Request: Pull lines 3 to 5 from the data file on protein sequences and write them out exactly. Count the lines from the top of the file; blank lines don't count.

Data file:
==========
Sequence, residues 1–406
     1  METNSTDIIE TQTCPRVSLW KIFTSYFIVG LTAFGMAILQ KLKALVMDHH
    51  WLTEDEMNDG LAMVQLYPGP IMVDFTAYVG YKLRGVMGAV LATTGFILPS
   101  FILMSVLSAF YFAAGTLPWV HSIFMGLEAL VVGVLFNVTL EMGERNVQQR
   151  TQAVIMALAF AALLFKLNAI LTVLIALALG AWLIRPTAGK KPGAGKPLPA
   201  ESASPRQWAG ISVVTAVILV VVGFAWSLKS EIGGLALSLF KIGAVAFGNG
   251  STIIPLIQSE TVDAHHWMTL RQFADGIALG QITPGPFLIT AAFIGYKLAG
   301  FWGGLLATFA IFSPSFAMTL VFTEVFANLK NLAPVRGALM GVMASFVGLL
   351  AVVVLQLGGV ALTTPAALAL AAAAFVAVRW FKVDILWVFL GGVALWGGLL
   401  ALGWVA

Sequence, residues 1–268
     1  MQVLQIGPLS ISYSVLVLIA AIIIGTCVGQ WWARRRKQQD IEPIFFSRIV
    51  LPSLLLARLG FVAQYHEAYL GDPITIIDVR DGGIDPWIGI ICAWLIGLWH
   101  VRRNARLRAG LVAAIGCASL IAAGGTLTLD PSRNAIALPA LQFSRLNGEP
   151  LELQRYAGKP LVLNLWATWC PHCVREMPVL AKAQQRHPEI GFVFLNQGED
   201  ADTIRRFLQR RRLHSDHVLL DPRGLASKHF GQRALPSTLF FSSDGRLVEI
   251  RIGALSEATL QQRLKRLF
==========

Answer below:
    51  WLTEDEMNDG LAMVQLYPGP IMVDFTAYVG YKLRGVMGAV LATTGFILPS
   101  FILMSVLSAF YFAAGTLPWV HSIFMGLEAL VVGVLFNVTL EMGERNVQQR
   151  TQAVIMALAF AALLFKLNAI LTVLIALALG AWLIRPTAGK KPGAGKPLPA